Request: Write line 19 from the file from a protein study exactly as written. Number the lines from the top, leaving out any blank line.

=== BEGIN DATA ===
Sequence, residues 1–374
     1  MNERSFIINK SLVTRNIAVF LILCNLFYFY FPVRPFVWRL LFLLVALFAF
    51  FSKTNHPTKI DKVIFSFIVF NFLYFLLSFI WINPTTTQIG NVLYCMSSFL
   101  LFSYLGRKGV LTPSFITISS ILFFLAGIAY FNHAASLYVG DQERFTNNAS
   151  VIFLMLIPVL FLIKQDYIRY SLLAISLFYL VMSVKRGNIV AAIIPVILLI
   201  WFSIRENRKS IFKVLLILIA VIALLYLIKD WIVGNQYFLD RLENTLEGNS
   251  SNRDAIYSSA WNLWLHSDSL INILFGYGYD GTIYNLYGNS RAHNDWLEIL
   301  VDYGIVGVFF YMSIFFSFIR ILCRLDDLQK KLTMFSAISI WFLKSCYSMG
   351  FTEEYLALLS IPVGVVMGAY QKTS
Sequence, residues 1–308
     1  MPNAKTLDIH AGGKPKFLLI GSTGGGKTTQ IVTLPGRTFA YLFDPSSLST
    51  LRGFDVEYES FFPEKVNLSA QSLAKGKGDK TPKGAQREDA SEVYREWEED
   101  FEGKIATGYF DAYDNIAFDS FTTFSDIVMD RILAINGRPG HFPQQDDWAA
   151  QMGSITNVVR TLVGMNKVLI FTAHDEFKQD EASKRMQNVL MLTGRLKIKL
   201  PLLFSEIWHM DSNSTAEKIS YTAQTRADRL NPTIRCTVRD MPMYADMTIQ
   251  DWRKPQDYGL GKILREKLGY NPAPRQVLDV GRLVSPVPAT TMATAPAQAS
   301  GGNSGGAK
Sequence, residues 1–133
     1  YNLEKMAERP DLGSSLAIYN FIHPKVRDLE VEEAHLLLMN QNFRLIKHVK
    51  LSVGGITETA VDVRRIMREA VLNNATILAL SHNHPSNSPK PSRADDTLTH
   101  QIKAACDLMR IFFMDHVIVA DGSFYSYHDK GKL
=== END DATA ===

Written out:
     1  YNLEKMAERP DLGSSLAIYN FIHPKVRDLE VEEAHLLLMN QNFRLIKHVK